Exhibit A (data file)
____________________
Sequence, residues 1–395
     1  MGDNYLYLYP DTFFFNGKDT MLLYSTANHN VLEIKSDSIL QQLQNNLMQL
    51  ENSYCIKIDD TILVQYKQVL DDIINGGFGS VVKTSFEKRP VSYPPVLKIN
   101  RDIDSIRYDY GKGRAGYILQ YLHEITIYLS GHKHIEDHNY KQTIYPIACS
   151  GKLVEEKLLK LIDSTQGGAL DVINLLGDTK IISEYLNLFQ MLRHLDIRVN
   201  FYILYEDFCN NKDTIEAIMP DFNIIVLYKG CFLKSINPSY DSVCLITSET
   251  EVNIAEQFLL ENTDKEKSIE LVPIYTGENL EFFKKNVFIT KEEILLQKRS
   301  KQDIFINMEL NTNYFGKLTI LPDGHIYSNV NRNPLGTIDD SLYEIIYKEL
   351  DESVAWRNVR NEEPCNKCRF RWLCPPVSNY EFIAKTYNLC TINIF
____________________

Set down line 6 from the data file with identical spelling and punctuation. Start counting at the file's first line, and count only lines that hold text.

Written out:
   201  FYILYEDFCN NKDTIEAIMP DFNIIVLYKG CFLKSINPSY DSVCLITSET